Thanks for another great review. Doing the comparisons answered all the questions I had about the set and your observations were very insightful.

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By in Hungary,

I love these pirate torsos, especially the cook's one with the fishbone and hairy chest.
But Redbeard had brown epaulet, not red.

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By in Belgium,

Thanks for this great review. It was nice to see you comparing it with pictures and all. We've got all the playmobil pirate stuff (not by choice, just a grandfather who always wants to buy playmobil although my son prefers lego) and I was thinking to resist the pirate sets. Might not be able to now ;-)

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By in United Kingdom,

The cabin boy would be well advised to get a pair of safety glasses asap. Every other pirate has an eye patch and I fear he will soon follow the same fate.

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By in United States,

I've always been a huge fan of the pirate theme as well. One disappointing thing though is the lack of ships for the imperial armies. There are only four ships (five you you include the little trade ship from the Imperial Trading post) and three of those four are significantly smaller than most of the pirate ships. Seems a little odd to me that the pirates outnumber the imperial "nations" 9-4. They need people to fight! :)

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By in Austria,

this is a nice review! it is nice to get the blue soldiers, but still the first thing that came to my mind seeing this ship: who does lego think is running this ship? there is the pirate captain to steer the ship and a cook without a kitchen (I still like him) - but all the other work for a single pirate and a kid? or are the soldiers supposed to help...

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By in Taiwan,

I like a child pirate as a new addition, but the lack of female members (mermaid counts) looks like a back-step from the previous version. Great review with comparing every generation of the pirate ships (though also showing the "progress" of LEGO themselves).

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By in United States,

This is an absolutely fantastic review! All the history, comparisons, and photos truly show off your love for the subject matter. I am a pirate fan first and foremost as well. Despite the obvious juniorization of the 5 new sets, I had to own them all. It's just nice to see this theme return again, even if the sets aren't perfect imo. Either way seeing pirate LEGO sets on a retail shelf really takes me back to the good old days. Once again, incredible review, Thanks for sharing!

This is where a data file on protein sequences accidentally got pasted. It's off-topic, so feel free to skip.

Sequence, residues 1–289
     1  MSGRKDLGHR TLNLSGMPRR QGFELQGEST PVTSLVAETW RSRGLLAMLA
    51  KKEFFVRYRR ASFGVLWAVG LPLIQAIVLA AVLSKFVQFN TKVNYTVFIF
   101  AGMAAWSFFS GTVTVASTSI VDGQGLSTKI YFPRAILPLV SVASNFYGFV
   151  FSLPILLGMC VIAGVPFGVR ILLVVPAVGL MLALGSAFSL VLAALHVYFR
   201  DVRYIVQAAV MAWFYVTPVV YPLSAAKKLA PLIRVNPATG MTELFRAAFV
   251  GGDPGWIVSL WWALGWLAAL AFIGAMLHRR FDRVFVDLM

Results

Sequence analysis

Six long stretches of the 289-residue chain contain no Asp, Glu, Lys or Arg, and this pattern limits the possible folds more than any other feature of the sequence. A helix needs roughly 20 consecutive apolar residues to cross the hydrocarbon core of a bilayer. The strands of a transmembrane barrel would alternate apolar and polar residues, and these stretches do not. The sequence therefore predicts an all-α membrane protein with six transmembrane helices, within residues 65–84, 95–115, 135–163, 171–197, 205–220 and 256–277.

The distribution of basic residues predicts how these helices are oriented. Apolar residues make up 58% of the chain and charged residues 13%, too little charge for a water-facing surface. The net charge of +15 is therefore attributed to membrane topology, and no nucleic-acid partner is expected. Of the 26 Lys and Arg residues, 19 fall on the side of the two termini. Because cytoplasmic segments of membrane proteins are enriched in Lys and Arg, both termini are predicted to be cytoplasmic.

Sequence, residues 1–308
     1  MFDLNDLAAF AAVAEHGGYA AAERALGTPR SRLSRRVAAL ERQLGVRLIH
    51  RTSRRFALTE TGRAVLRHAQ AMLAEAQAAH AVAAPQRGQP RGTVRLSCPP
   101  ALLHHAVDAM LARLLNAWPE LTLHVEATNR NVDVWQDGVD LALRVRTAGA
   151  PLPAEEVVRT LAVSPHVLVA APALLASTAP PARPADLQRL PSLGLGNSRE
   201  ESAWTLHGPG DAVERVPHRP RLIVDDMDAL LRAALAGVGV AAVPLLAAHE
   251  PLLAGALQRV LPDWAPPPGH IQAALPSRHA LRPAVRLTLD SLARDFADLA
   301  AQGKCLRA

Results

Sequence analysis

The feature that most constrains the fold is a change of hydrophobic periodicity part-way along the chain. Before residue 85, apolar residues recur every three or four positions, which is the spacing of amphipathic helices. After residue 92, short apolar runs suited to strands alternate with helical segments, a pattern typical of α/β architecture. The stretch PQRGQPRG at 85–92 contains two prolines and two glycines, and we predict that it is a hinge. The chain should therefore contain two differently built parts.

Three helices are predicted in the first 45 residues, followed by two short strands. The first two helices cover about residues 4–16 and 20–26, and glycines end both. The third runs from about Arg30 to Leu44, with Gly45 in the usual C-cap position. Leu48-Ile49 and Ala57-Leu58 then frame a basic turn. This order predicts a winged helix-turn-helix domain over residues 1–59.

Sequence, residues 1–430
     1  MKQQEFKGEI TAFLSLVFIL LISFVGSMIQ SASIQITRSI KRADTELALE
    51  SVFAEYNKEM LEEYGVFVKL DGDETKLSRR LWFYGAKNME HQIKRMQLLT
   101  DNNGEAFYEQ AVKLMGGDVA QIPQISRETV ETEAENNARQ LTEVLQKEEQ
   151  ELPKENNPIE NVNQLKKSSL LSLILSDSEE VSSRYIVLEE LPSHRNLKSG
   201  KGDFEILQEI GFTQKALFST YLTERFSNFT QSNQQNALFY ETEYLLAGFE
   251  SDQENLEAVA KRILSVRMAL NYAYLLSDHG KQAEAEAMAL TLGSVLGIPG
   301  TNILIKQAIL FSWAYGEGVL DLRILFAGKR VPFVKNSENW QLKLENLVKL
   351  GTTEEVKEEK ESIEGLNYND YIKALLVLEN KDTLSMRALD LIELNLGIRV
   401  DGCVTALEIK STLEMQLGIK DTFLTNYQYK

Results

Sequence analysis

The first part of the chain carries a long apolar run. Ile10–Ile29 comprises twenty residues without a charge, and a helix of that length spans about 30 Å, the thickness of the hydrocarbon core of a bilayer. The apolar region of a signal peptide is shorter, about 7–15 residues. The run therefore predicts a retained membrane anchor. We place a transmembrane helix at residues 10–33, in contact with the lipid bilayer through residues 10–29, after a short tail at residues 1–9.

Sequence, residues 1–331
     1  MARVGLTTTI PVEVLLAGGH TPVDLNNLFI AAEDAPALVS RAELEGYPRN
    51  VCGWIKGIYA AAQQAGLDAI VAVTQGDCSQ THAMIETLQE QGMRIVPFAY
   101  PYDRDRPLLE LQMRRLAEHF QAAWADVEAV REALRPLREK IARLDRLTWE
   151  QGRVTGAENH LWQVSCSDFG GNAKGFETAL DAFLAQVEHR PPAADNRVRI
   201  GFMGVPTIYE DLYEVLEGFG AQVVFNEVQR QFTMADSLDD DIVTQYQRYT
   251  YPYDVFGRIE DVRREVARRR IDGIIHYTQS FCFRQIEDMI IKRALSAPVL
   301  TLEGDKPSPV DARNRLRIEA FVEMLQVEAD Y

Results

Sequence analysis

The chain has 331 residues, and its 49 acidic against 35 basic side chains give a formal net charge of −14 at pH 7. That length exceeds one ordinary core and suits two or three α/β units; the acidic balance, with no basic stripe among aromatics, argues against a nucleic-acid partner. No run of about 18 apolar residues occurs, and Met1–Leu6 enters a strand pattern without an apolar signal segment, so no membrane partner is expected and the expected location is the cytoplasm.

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By in United States,

^^I agreee; 4 pirates (and one is just a kid) is not nearly enough figures for a full-size pirate ship. The need to include the bluecoats (and admiral? in a pirate ship set?) explains the shortfall in pirate figures, but if LEGO would just realize that an imperial ship is needed in the theme and produce one already, then the bluecoats would get their own ship and the pirate ship could be properly manned.

Does LEGO think that the success of the previous line mean that the exact same sets should be produced for the follow-up line? The best pirate lineup should include a big ship for both pirates and imperials, and at least one base set for each, plus a couple of smaller sets.

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By in United States,

It's a nice-looking ship, but it just looks... Cheaper than the Bounty. There aren't wheels on the cannons, the front section of the ship is almost nonexistent, and the "captain's cabin" is where the hull should be.

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By in United States,

I thoroughly enjoyed your review. Thanks for a great write up.
I'm curious to see this next to TLM metalbeards sea cow. If you have that it would make a great comparison picture

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By in Poland,

Thanks for the great review. I collect only City sets, but the urge to buy some of these new Pirates sets is getting stronger, and stronger.

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By in United States,

Thanks to everyone for the positive feedback and for reading my review!

@MrsEspo12774 I do indeed have the Sea Cow. I will take some comparison shots and get them posted.

As several of you have mentioned the main hole in this wave is the lack of an opposing ship for the Bounty. Hopefully Lego has another surprise for us like they did last time with the Imperial Flagship!

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By in United States,

This seems like another one of those sets where Lego has given us a very good start, but left a few details for us to finish. All the things you've nitpicked look easy to fix, which I don't mind as it will let me put a personal touch on the ship.

I plan to buy this and make a few modifications. I should be able to get all the parts I'll need from 70409-70411.
- Add two more cannons, put wheels on all the cannons
-Switch to brickbuilt riggings(if it works with the masts)
-Brown bricks in place of the random red ones
-Add a few more crew members
-mermaid figurehead